Not all proposals require systems thinking, of course. However, if you are looking at trying to solve a systemic problem, and your proposal includes recommendations for solutions, then it would be worth your while to spend more time diving deeper into the drivers that push or pull your system toward, or away from, your stated intent. In my case, the solution was also proposed by the Minister - to change the name of reservists to NSmen. It was recognised that nomenclature was a centre of gravity of soldier apathy - "if you call us reservists, we will act like those who are in reserve; we would be a contingent force." Hence, to move our reservists away from this, a whole new set of terms needed to be instituted. Our solution ultimately, did not simply call reservists NSmen - the technically correct term is Operationally-Ready National Servicemen (ORNS) - but we also had to change the Run-Out Date (ROD, which connotes that your service will run out on that date) to Operationally-Ready Date (ORD). All of these sub-drivers contributed toward the larger "nomenclature" driver that needed to change before there was a concomitant change in soldier attitude. Systems thinking therefore is a very powerful and useful tool to dive deeper into the system, identify the key loci of change, and focus our attention and action there.
This is Liedtka's euphemism for reframing, and admittedly, changing the name from reservist to NSmen was a huge reframe in and of itself. My paper was not meant to offer new frames or perspectives, and in truth, in my attempt to negatively influence this new frame, I actually shortened my rollout timeline. Yet, reframing is an important skill for a staff officer who needs to look at a situation from multiple angles, and perceive new options, new ways of doing things. Very often, a senior officer questions the validity of a junior's work, not for poor thinking, but for the lack of cognitive flexibility. If you are unable to identify the different frames impacting on a situation, if you are unable to articulate the options to take per those frames, and if you are unable to ultimately zero in on the most likely frame, and the ways to reach the end point in the most judicious way, you will not be able to convince senior management that your recommended course of action should be approved. And then you would end up like me, having less time, less resources, or worse, be chided for lazy thinking. Finding new perspectives, and offering them up as fodder to reinforce your conclusions on the best frame, and recommended solution, is the hallmark of a great staff officer - and the fuel for your career advancement.Creativity is key!
There are two ways to be hypothesis-driven - to go to market on a small scale and test your ideas, or to apply intellectual flexibility through scenario thinking. In the military, we cannot do things in half measures, and we cannot go to market simply to "test an idea". Hence, we will have to apply scenario thinking to identify the variability of the solution, and to understand the inherent risks in our ideas. This is why you need to have options; you cannot offer a recommendation based on only one course of action; it shows that you either were too lazy to think up more ways of getting things done, or you were arrogant to think that yours was the only way. Both of these are not good outcomes for staff officers. And that was exactly what happened to me. Thinking that I had the upperhand on the situation through my data, I had recommended that the change not be done, with no alternatives. Such binary recommendations (yes or no) are seldom welcome by senior management. And on hindsight, I do admit that I had been intellectually arrogant in thinking that my logic could sway senior management thinking. Ultimately, the decision was not mine to make, and instead of being captivated by one course of action, I needed to have a few, and then narrow them down by constraints and risk. This we can do through scenario thinking.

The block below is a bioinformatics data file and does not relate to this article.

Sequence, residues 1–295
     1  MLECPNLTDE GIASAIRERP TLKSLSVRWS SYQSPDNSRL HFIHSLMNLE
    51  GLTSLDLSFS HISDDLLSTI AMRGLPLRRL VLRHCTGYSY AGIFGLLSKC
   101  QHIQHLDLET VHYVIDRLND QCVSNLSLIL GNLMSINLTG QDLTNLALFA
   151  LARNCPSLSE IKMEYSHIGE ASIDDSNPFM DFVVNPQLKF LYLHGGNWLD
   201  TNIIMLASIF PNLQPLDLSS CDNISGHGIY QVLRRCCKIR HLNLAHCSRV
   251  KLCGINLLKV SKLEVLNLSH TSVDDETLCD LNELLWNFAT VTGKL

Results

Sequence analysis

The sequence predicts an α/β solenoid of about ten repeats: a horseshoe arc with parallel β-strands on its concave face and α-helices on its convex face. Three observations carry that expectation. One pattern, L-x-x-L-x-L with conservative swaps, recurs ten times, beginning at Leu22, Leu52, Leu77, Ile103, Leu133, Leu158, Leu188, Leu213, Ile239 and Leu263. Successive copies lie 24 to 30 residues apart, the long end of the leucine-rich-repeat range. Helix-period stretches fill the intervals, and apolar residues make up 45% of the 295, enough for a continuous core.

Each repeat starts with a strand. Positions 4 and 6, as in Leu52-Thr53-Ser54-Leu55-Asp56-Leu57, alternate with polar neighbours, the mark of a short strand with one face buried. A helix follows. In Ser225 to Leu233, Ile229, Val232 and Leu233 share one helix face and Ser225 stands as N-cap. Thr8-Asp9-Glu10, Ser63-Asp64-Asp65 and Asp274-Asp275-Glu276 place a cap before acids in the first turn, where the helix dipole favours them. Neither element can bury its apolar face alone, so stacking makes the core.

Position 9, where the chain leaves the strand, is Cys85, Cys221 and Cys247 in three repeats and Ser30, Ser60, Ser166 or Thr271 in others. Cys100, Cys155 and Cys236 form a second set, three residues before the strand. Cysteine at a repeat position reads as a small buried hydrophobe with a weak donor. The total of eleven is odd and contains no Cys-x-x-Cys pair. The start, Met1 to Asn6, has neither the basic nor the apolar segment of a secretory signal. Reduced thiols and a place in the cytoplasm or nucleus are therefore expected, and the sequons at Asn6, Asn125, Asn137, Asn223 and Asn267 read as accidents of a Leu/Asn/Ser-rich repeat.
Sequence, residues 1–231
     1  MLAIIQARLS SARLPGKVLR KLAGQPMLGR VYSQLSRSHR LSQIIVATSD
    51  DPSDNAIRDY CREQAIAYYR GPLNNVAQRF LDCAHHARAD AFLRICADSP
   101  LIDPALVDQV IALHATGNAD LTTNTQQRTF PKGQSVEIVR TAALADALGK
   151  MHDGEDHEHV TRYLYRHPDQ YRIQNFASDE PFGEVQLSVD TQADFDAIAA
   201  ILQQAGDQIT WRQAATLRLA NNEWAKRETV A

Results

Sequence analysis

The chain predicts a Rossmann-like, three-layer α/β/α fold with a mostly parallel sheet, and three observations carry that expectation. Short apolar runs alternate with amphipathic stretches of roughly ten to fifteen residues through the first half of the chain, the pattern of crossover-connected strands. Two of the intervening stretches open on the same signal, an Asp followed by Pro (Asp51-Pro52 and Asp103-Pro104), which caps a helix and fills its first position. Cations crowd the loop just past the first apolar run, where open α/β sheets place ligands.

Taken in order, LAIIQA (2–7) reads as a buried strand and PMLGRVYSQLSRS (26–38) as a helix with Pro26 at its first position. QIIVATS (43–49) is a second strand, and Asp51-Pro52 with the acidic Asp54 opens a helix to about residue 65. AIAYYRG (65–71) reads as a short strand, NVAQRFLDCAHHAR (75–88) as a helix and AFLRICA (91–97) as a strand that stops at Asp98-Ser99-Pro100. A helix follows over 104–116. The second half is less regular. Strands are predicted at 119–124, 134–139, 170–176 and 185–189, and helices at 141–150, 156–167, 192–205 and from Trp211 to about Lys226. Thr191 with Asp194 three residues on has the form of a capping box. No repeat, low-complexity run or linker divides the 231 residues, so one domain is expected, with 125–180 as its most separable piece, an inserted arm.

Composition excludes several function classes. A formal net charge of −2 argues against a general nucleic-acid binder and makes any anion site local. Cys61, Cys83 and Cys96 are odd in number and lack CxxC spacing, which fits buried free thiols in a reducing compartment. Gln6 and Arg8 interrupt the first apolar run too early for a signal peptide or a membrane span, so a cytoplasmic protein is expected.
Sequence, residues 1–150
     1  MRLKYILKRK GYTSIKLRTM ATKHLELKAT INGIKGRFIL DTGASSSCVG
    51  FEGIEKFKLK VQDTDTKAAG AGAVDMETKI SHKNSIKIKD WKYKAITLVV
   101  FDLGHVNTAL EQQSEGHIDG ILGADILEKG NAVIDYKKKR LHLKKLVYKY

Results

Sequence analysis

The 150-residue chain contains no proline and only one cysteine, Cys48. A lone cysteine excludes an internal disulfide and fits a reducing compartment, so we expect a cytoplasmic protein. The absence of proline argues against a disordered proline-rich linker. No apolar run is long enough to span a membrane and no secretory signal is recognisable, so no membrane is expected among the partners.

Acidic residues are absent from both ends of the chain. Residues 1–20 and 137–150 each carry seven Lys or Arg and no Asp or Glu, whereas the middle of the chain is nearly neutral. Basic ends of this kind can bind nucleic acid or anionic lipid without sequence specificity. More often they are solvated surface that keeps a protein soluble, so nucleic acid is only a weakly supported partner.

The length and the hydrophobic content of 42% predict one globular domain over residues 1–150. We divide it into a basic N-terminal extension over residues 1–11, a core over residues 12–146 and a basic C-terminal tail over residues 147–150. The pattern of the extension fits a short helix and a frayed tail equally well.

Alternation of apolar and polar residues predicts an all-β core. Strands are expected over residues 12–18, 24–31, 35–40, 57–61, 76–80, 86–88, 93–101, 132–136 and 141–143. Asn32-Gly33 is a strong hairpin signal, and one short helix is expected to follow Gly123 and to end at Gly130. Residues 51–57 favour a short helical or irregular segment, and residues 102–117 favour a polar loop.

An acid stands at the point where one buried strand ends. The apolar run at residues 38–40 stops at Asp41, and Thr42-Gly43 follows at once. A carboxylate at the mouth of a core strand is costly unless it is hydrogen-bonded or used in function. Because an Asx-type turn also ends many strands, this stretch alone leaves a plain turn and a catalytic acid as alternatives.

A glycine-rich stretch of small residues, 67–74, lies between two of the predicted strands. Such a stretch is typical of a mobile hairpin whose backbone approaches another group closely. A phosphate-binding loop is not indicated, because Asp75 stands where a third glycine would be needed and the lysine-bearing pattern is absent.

For each option, we identify the assumptions we used about it. Then we build scenarios based on the assumptions - the best case scenario is one where all the assumptions are right; the worst case is when all are wrong; and the most likely case, is one where the assumptions are reasonably expected. When we build these scenarios, we are then able to see the variability of our option, the upside and downside, and other actions we can take to mitigate that downside. In other words, through scenario thinking, we can make our options more robust, and allow us to zero in on the best option for the situation.
This is yet another skill that will help you be more successful in your career.
Only time can tell
The issue with strategic decisions is that you can never know if your decision will yield the outcome that you desire - only time can tell you that. But that does not mean that you don't make a decision - indecision is worse than no decision at all. What allows you to have the confidence to tell people that you have made the right decision are the right decision inputs and the right process. These five strategic thinking competencies as identified by Prof Jeanne Liedtka in 1997 form the backbone of our strategic decision making model, one which we had co-created together with her and V. Professor Luda Kopeikina from Sloan-MIT. It is only through the combined strengths of inputs and process that can lead you to the right decision.
So, was it the right decision to change the name from "reservists" to "NSmen"? I have had the good fortune to remain in service as an NSman from the time I left regular service in 1996 until I retired from military service in 2014. I have noticed a marked improvement in the way NSmen view their contribution to the nation. They no longer view themselves as a reserve force, and are proud to be frontline soldiers, fighting alongside younger full-time and regular soldiers. The best thing about it is - they carry themselves well, and can sometimes outperform the full-time servicemen. Not bad for lao chiao soldiers, don't you think? Yes, that was the right decision in 1993, and one that would not have come to light if I had been more convincing.
I am glad to have been wrong, and given a public lesson in strategic thinking. I am a strategic thinking subject matter expert today, simply because of that.